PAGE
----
Foreign Currency Non-Resident (FCNR) deposits

FCNR account is a term deposit account that can be maintained by NRIs and PIOs in foreign currency.

  • Thus, FCNRs are not savings accounts but fixed deposit accounts.
  • The account can be opened in the name of NRI individuals (single/ joint) or with resident Indians on ‘former or survivor’ basis.
  • In October 2011, the RBI decided that authorised dealer banks in India may be permitted to accept FCNR deposits in any permitted currency.
  • ‘Permitted currency’ mean a foreign currency which is freely convertible.
  • Interest income from FCNR accounts is exempt from Income Tax.
  • Deposit held under FCNR accounts is not taxable under Wealth Tax.

Trade Facilitation Agreement (TFA)

The TFA is the WTO’s first-ever multilateral accord that aims to simplify customs regulations for the cross-border movement of goods.

  • It was outcome of WTO’s 9th Bali (Indonesia) ministerial package of 2013.
  • The agreement contains provisions for faster and more efficient customs procedures, Lowering import tariffs and agricultural subsidies, Abolish hard import quotas and Reduction in red tape at international borders.
  • The Trade Facilitation Agreement (TFA) in Goods came into effect with its ratification by two-thirds members of WTO including India.

Trade Facilitation Agreement for Services:

  • The idea of a ‘TFA for Services’ – similar to the WTO’s ‘TFA for Goods’ — was mooted by India soon after the WTO’s tenth Ministerial Conference in Nairobi in December 2015.
  • It is aimed at making it easier for services professionals and skilled workers
    to move across borders for ‘short-term’ projects.
  • Its objectives include streamlining procedures for global services trade, recognising services as a tradable item and for settlement of disputes.

Participatory Notes (P-Notes)

Participatory Notes are offshore derivative instruments issued by registered foreign institutional investors (FII) to overseas investors, who wish to invest in the Indian stock markets without registering themselves with SEBI.
SEBI Rules

  • From January 2011, FIIs have had to follow KYC norms and submit details of
    transactions.
  • Sebi also issued norms on transferability of P-Notes between two foreign
    investors and increased the frequency of reporting by P-Note issuers.
  • Under the new norms, all the users of P-Notes would have to follow Indian
    KYC and Anti Money Laundering (ALM) Regulations, irrespective of their jurisdictions.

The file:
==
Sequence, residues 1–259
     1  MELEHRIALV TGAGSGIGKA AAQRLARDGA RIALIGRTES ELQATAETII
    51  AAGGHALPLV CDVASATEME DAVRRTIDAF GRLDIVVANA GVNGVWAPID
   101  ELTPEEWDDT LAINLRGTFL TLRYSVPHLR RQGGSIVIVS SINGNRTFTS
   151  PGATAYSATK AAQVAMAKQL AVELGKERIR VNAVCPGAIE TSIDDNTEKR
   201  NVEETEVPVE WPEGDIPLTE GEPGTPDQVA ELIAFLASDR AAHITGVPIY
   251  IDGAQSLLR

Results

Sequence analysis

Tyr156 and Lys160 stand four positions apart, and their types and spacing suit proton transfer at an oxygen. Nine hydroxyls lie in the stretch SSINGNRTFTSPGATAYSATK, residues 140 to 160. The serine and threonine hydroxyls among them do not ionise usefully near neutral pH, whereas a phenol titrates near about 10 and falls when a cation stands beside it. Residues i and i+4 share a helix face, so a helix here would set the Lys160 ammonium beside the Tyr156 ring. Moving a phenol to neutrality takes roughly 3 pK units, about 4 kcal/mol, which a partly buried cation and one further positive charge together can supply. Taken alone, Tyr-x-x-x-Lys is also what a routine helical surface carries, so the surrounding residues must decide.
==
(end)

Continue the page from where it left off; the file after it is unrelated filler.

Multilateral Convention on Mutual Administrative Assistance in Tax

Matters

Multilateral Convention on Mutual Administrative Assistance in Tax Matters was developed jointly by the OECD and the Council of Europe in 1988.

  • The Convention represents a wide range of countries, including all G20, BRIICS and OECD countries, financial centres and several developing countries.
  • India is among the 98 countries and jurisdictions that have already joined the Convention.
  • The convention regulates information exchange between states parties on the exchange of information regarding tax matters.
  • Panama has agreed to sign a multilateral tax treaty, which the Indian agencies believe will help them expedite investigations into the “Panama papers”.

Bilateral Investment Treaty 

Banking Current Affairs 2017 pdf Download -SBI,IBPS,RBI,SBI PO,IBPS PO,RRB

A bilateral investment treaty (BIT) is an agreement establishing the terms and conditions for private investment by nationals and companies of one state in another state.

  • This type of investment is called foreign direct investment (FDI).
  • BIT increases the comfort level and boosts the confidence of investors.
  • The distinctive feature of many BITs is that they allow for an alternative dispute resolution mechanism, whereby an investor whose rights under the BIT have been violated could have recourse to international arbitration.
  • The first BIT was signed by India on March 14, 1994. Since then, till date, the Government of India has signed BITs with 83 countries.

Revised Indian model text for Bilateral Investment Treaty (BIT)

  • The revised Indian model text for Bilateral Investment Treaty (BIT) will replace the existing Indian Model BIT.
  • “Enterprise” based definition of investment.
  • Non-discriminatory treatment through due process, national treatment, protections against expropriation.
  •  A refined Investor State Dispute Settlement (ISDS) provision requiring investors to exhaust local remedies before commencing international arbitration.
  • Bilateral Investment Treaty (BIT) between India and Cambodia is the first Bilateral Investment Treaty in accordance with the text of the Indian Model BIT.

Banking Current Affairs 2017 pdf Download -SBI,IBPS,RBI,SBI PO,IBPS PO,RRB -Banking Current Affairs 2017 pdf Download -SBI,IBPS,RBI,SBI PO,IBPS PO,RRB

About the Author:

Leave A Comment

Inline
Inline